Asphaltenes in diesel tank

Discussion in 'Mechanical Forum' started by Strycnine, Oct 30, 2018.

  1. Oct 30, 2018 #1

    Strycnine

    Strycnine

    Strycnine

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    Anybody dealt with asphaltenes in a diesel fuel tank? My Miller welder has it in the tank and it's nasty!
    1029181556.jpg
     
  2. Oct 30, 2018 #2

    SHOOTER13

    SHOOTER13

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    Have NO idea what that even is...

    Care to explain...what and how !?

    Thanks...
     
  3. Nov 1, 2018 #3

    Supervisor42

    Supervisor42

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    I have. But have run out of time (see timestamp).
    Remind me tomorrow.
     
  4. Nov 1, 2018 #4

    BuzzinSATX

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    It’s basically this:

    https://www.linkedin.com/pulse/asphaltenes-diesel-fuel-ed-miller

    “Asphaltenes in diesel fuel are a major concern with today’s ultra low sulfur diesel fuel (ULSD). Asphaltenes are molecular substances commonly found in crude oil and in the form of asphalt, but are now being found in ULSD. There are many theories that exist as to where these molecules are coming from.

    Some theories suggest they are the result of removing sulfur from ULSD, in which doing so also removed aromatic content in diesel fuel. So, this removal of aromatics caused them to no longer be able to be dissolved and dispersed. Another theory says the cause of them is high pressure, sometimes around 37,000 psi, along with fuel being continuously re-circulated at temperatures of 150 ˚C in the common rail found in diesel engines. This then results in asphaltene droplets that conglomerate together turning filters and diesel fuel black. Fuel inside one engine manufacturer’s injector actually reaches a temperature around 300 ˚C. These theories in reality can be combined. “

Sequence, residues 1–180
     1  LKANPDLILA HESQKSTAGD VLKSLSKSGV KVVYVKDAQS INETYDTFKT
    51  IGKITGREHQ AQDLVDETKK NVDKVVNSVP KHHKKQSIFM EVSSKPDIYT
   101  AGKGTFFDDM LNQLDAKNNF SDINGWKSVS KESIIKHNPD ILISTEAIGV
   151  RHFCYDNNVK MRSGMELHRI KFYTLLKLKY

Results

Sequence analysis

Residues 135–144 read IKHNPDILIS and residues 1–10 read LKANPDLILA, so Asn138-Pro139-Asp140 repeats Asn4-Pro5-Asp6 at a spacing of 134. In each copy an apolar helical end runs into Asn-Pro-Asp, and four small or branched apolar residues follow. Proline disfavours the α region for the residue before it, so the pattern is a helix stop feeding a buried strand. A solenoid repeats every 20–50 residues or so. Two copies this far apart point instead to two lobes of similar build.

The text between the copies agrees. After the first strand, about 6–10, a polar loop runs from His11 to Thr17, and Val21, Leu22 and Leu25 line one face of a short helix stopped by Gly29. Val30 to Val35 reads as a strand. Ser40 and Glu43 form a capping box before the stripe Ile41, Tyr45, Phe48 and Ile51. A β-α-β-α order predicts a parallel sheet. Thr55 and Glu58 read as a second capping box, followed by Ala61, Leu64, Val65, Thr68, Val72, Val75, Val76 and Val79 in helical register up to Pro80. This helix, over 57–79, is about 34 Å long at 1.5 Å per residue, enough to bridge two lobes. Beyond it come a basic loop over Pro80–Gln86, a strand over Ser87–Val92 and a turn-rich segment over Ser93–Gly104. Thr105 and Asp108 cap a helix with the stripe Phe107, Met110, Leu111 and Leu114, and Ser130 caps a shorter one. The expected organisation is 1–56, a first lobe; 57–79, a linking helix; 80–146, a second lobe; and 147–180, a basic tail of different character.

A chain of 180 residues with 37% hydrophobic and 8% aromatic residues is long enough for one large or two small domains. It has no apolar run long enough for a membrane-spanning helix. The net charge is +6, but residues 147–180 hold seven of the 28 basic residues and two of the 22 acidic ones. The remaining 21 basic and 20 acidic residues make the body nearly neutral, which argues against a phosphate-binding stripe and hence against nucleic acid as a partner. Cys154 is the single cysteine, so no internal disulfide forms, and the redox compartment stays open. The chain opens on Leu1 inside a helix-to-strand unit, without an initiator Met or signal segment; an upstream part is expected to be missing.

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  5. Nov 1, 2018 #5

    SHOOTER13

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    Thanks...now I know !!
     
  6. Nov 1, 2018 #6

    Supervisor42

    Supervisor42

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    What he said.
    I'd like to add that the engine, exhaust system, and fuel tank being packaged together, like in a welder, will amplify this fuel heat problem.
    All of the parts are usually crammed together to make a small package. If exhaust parts (like the muffler) are close to the fuel tank, some stick-on heat barrier material on the fuel tank will help reduce the problem; especially if the unit was designed before ULSD became common.
     
  7. Nov 10, 2018 #7

    Strycnine

    Strycnine

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    We have the same exact welder at work and it has no issues like mine.

    I guess I need to clean it all and go again. The tank was put on new about 2 years ago.
     

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